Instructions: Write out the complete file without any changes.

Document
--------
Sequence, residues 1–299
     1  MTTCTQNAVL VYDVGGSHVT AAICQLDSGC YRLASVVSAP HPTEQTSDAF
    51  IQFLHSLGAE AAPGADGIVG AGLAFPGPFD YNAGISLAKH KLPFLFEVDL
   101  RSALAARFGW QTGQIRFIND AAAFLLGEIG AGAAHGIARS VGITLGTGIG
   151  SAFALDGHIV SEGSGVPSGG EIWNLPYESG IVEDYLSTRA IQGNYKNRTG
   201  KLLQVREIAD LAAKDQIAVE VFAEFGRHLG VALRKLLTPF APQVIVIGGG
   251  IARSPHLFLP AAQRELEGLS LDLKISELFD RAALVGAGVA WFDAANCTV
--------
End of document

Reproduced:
Sequence, residues 1–299
     1  MTTCTQNAVL VYDVGGSHVT AAICQLDSGC YRLASVVSAP HPTEQTSDAF
    51  IQFLHSLGAE AAPGADGIVG AGLAFPGPFD YNAGISLAKH KLPFLFEVDL
   101  RSALAARFGW QTGQIRFIND AAAFLLGEIG AGAAHGIARS VGITLGTGIG
   151  SAFALDGHIV SEGSGVPSGG EIWNLPYESG IVEDYLSTRA IQGNYKNRTG
   201  KLLQVREIAD LAAKDQIAVE VFAEFGRHLG VALRKLLTPF APQVIVIGGG
   251  IARSPHLFLP AAQRELEGLS LDLKISELFD RAALVGAGVA WFDAANCTV